Regardless, I think it’s a recurring theme in spin-orbitronics community that people seek for low-symmetry materials to generate non-trivial components of the SOT. Not only from fundamental aspect, but also technologically this is important to achieve field-free switching of the magnetization. Usually, switching of PMA magnets by the SOT requires an external magnetic field that breaks the degeneracy between +z and -z magnetization configurations. The community has tried many different ways in order to achieve the field-free switching. For example, in 2014, a UCLA group achieved a symmetry breaking in a latral direction by inhomogeneous oxygen contents in a wedge structure. Also, a KAIST group demonstrated the field-free switching in IrMn/CoFeB/MgO structures by using the exchange bias between the antiferromagnetic IrMn and ferromagnetic CoFeB.

Since then, many different clever ways are being proposed. I think there are two differnet directions overall: (1) Using nonmagnetic materials which breaks a in-plane mirror symmety by the crystal structure, (2) Using magnetic materials where the mirror symmetry is broken by the magnetization direction.

Typical examples of (1) are 2D materials. Many 2D materials have C3v symmetry. It means that, if the crystal is symmetric with respect to mirror operation x -> -x, it does not have a mirror symmetry for y -> -y. Thus, at the magnetic interface, it can generate additional component of the SOT as well as the conventional damping-like and field-like torques. This was experimentally demonstrated in WTe2/Py structure. A microscopic theory can be found in this paper. From a similar motivation, the field-free switching was also achieved in L1_1 ordered CuPt/CoPt interface. Also, a recent theory paper proposed a SOT in a single-layer FGT, where the SOT also originates from the C3v symmetry.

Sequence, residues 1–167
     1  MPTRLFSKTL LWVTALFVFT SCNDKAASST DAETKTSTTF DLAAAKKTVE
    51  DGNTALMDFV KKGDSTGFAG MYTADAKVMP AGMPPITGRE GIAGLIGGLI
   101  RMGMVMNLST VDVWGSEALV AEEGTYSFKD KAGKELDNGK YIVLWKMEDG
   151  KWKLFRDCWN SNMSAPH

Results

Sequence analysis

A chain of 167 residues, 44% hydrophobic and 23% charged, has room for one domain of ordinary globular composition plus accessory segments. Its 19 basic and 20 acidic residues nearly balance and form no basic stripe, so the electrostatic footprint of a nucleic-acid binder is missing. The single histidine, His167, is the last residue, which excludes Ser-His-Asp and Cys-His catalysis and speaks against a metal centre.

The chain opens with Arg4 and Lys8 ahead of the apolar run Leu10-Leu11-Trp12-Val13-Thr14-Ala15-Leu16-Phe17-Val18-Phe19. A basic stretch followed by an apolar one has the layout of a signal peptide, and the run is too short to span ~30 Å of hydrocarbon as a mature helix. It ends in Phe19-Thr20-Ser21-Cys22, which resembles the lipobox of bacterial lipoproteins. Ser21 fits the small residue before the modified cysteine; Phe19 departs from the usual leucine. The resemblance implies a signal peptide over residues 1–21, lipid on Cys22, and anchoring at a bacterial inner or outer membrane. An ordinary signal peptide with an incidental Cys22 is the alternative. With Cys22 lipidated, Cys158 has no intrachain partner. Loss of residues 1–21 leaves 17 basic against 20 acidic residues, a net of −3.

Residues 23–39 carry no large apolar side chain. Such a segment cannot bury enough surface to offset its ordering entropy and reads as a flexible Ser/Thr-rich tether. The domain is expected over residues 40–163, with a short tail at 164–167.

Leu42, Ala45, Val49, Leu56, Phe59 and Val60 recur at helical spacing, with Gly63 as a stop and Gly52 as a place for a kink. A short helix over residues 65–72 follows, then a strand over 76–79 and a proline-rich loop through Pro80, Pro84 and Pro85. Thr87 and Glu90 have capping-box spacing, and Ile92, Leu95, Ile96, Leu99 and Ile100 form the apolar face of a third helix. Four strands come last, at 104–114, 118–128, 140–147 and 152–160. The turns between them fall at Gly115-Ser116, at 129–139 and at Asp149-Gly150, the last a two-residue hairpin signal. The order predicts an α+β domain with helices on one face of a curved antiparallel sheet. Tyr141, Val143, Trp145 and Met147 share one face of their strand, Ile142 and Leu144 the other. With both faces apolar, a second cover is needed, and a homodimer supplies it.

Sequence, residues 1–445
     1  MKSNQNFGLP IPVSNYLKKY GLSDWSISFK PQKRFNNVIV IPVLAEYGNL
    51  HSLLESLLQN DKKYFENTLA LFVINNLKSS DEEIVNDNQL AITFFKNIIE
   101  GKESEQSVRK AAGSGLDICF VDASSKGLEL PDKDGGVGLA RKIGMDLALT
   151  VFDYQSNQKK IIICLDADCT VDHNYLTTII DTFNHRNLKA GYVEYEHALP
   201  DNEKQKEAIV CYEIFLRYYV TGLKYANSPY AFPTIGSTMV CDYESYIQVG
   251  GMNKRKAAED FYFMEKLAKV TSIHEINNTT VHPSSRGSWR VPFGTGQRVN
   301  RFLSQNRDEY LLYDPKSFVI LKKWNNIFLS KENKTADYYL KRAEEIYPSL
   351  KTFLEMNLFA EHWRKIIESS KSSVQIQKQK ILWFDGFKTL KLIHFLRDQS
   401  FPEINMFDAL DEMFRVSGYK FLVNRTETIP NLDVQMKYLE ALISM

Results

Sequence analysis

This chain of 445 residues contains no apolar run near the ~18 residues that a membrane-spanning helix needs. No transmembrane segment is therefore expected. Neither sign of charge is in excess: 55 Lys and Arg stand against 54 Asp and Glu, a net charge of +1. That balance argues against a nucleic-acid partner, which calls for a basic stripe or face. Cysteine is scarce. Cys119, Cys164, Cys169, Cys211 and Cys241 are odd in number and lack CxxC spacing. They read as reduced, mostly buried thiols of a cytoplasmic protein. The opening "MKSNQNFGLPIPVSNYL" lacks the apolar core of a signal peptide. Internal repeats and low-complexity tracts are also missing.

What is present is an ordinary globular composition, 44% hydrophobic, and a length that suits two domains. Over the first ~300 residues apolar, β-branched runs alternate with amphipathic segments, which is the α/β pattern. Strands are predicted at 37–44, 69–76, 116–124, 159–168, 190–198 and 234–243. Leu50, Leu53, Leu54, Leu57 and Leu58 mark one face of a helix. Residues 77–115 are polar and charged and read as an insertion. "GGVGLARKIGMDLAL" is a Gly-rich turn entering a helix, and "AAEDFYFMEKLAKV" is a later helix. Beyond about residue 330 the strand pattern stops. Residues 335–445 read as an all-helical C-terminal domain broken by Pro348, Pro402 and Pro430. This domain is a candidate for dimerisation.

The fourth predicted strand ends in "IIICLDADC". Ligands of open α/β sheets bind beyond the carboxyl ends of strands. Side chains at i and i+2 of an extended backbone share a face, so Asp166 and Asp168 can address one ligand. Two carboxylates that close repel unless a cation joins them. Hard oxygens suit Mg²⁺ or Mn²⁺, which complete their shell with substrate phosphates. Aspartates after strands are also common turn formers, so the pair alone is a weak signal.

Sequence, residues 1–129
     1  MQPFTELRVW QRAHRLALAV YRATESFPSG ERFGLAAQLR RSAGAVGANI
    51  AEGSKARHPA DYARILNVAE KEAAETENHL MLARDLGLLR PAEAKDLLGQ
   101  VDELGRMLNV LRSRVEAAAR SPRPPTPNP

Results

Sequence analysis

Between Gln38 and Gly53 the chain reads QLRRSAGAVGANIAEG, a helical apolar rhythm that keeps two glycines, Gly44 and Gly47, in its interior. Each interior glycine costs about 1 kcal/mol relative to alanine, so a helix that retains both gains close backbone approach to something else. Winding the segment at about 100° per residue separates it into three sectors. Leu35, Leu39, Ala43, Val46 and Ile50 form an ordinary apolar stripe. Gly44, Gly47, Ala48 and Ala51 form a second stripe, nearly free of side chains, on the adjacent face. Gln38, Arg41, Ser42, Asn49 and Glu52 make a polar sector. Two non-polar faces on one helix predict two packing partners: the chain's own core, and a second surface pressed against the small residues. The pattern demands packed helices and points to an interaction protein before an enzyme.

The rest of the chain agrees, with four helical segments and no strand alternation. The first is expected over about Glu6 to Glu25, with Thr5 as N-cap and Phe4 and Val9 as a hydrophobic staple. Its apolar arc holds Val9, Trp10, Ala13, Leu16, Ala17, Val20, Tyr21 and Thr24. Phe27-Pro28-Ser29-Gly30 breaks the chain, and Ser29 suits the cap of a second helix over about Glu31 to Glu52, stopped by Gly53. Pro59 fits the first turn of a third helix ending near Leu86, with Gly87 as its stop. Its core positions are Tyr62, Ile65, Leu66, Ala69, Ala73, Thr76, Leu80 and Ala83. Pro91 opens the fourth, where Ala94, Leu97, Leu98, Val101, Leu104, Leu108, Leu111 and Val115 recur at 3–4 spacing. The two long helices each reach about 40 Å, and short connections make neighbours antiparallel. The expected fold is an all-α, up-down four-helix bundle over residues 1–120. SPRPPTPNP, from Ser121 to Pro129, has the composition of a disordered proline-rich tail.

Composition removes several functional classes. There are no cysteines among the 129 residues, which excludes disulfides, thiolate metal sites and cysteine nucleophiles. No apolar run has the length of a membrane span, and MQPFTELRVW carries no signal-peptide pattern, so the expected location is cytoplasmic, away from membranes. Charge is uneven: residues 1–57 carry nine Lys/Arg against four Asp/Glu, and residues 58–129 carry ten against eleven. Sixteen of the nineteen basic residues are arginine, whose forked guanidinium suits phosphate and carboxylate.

The symmetry can also be broken by magnetic layers. For instance, soon after the theoretical proposal of “interface-generated” spin currents an experiment was performed in magnetic trilayer structures. Meanwhile, the spin current induced by the magnetic order is often called “magnetic” spin Hall effect to distinghiush from the “usual” spin Hall effect that is even under the time-reversal. The magnetic spin Hall effect was also found in Mn3Sb, one of the non-collinear antiferromagnets in the Kagome lattice. In this sense, the antiferromagnetic spin Hall effect is also somewhat similar.

My impression on this direction of works is that there’s a consensus on the phenomenology and the symmetry requirements, far more investigations seem to be required for microscopic understanding of the mechanism, e.g. how is it correlated with the wave function in the bulk or interfacial states, etc. Anyway, I have no doubt that these are quite interesting pieces of physics and worth investigating further.

Differnet confusing names of spin-orbit torques